The evidence submitted by plaintiffs, particularly the Treasury materials that describe the trigger price system, reveals that the TPM is merely a device to monitor imports and to provide the Secretary with sufficient information to enable him to determine whether to self-initiate an investigation. The TPM itself does not establish any restrictions upon the affected industry; rather it serves to aid the Treasury in its administration of the Antidumping Act. The implementation of the TPM does not By its terms set trigger prices as minimum import prices or preclude the importation of goods at less than trigger prices. Plaintiffs have not and could not so argue.
The main thrust of plaintiffs' argument is that the effect of the trigger price system is to circumvent the Antidumping Act procedures. Plaintiffs claim that the implementation of the TPM with respect to steel wire rod has caused foreign manufacturers to raise prices to the trigger price level and that such a uniform price increase is tantamount to an across-the-board imposition of a dumping duty. The Court rejects plaintiffs' interpretation: The decision by foreign manufacturers to increase prices to the trigger price level is not the legal equivalent of the imposition of dumping duties with respect to all such goods imported at the trigger price level. Moreover, the decision of foreign steel wire rod manufacturers to increase prices does not allow the Secretary to avoid the statutory procedures. Thus, the Court concludes that, even if plaintiffs' allegations concerning the factual effects of the TPM (I. e., foreign manufacturers' refusal to sell steel wire rod at less than trigger prices) were true, the TPM would not be contrary to the Antidumping Act.
The only direct effect of the TPM is a greater probability that antidumping investigations will be initiated for imports below trigger prices. Significantly as the Treasury has repeatedly stated, the importation of goods at below trigger prices "will not, by itself, result in any action by the Department." 42 Fed.Reg. 65,215 (1977). The Treasury explains that in those cases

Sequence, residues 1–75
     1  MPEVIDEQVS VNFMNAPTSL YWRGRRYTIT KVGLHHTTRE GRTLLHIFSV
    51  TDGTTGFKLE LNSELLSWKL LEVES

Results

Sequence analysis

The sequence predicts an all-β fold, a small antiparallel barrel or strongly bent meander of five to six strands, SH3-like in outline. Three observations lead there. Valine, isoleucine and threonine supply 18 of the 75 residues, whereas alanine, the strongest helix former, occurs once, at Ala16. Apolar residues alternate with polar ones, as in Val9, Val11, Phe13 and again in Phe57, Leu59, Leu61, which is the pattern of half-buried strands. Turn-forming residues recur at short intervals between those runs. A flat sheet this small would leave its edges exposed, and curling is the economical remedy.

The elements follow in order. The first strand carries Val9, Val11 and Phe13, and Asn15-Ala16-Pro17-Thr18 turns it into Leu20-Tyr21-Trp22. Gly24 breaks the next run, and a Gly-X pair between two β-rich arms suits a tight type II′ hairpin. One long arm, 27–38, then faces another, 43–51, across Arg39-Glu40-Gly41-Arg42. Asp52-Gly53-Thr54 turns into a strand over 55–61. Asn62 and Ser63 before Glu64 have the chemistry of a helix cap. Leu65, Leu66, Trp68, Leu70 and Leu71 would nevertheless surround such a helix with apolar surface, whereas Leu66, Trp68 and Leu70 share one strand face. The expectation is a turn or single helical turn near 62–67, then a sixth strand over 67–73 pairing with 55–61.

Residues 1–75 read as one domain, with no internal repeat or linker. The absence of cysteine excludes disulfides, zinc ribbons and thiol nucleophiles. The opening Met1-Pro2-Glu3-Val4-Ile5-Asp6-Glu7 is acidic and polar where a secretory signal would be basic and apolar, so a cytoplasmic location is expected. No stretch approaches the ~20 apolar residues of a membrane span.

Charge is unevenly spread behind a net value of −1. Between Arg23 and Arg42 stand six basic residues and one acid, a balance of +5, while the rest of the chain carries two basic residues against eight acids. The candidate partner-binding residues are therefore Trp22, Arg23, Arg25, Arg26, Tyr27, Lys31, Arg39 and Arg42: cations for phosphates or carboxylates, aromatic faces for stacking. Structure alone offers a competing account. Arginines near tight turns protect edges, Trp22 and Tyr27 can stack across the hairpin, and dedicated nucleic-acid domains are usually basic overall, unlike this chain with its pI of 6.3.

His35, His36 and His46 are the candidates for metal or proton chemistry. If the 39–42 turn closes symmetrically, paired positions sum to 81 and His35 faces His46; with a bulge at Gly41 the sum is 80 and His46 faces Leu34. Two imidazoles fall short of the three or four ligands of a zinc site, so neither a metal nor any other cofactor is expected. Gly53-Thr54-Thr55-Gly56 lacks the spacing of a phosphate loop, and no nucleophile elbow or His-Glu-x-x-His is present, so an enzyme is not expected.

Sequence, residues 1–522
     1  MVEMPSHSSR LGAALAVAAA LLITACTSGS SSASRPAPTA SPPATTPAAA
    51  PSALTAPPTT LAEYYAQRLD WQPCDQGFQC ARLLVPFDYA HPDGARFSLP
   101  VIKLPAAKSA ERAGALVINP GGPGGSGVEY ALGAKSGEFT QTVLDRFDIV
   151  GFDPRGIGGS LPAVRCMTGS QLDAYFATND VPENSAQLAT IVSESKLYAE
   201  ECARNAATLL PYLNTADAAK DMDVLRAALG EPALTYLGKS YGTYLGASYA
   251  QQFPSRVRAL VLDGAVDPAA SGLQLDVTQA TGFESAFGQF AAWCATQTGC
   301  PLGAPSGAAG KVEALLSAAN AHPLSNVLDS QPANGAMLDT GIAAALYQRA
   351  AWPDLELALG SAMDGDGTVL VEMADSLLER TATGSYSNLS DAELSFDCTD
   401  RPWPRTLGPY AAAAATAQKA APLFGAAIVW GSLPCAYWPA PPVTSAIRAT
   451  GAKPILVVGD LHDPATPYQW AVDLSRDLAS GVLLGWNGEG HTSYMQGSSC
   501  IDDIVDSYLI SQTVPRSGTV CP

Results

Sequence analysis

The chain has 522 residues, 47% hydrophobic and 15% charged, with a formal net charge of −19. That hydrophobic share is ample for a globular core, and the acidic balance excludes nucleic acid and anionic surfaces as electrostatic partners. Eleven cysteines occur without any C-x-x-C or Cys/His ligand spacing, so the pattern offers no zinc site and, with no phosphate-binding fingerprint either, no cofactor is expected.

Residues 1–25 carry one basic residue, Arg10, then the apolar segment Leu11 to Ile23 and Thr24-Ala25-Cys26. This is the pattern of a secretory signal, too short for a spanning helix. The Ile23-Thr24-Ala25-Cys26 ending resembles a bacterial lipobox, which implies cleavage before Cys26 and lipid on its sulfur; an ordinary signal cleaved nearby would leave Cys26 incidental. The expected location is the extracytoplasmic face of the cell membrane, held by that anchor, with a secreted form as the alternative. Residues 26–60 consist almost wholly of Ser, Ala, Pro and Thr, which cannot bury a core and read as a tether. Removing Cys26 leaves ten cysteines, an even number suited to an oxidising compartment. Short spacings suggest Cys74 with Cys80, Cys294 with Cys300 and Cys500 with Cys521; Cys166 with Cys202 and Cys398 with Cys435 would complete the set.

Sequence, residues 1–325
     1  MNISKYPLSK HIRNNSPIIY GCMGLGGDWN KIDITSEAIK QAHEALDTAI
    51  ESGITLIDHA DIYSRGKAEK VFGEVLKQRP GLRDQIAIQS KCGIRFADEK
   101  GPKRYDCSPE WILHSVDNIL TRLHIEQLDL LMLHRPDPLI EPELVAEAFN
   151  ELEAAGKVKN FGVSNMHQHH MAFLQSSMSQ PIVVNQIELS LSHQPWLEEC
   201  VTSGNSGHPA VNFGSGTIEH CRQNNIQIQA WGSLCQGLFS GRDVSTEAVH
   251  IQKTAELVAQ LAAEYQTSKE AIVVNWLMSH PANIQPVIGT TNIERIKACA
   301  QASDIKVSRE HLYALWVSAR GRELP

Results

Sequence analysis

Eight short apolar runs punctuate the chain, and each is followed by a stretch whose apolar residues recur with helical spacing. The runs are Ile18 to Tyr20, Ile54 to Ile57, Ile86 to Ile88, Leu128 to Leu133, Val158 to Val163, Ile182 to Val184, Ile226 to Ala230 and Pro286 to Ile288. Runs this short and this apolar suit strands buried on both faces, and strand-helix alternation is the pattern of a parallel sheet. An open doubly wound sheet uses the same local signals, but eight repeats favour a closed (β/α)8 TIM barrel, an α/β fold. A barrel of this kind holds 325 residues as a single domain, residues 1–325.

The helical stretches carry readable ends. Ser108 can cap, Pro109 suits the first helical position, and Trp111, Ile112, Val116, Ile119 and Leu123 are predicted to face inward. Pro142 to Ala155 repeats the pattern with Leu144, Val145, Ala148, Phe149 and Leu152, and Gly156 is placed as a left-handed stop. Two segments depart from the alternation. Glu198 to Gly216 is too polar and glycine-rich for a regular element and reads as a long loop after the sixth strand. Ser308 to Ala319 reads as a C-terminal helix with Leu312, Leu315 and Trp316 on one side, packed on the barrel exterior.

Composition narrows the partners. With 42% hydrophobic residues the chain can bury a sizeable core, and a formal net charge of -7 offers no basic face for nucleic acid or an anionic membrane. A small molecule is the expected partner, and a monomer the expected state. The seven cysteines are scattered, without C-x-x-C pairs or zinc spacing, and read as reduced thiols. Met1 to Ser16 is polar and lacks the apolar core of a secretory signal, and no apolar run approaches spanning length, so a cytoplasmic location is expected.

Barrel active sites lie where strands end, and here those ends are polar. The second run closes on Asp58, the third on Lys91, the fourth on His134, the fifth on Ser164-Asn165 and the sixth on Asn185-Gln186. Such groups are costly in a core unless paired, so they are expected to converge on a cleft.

in which a shipment is found to be at prices below applicable trigger prices, the Customs Service may initiate immediate, informal inquiries of the importer to determine whether such sale is less than fair value within the meaning of the Antidumping Act. Unless the Secretary is satisfied within the time to be allotted therefor, that no reasonable possibility of sales at less than fair value may be found, an antidumping proceeding notice will promptly be published with respect to that shipment and other shipments of such or similar merchandise from the same exporter or from the same country of exportation as he deems appropriate.
43 Fed.Reg. 1468 (1978). Conversely, importation at prices above trigger prices will not necessarily foreclose the possibility of investigation, since an investigation by the Secretary may be triggered by a private industry complaint.
Regardless of whether an investigation is self-initiated by the Secretary on the basis of TPM information or is prompted by an industry complaint, All the statutory procedures must be followed before a dumping duty may be imposed. The Treasury emphasized:
Implementation of the trigger price mechanism is not intended to deny to any party interested in the importation of steel mill products any rights it may have under the Antidumping Act or other applicable law. It is intended and will be used solely to enable the Secretary to determine on an expedited basis whether or not to initiate antidumping proceedings . . . and to reach the stage of making a tentative determination with respect to sales at less than fair value within a period substantially shorter than the six months provided in section 153.32 of the Customs regulations.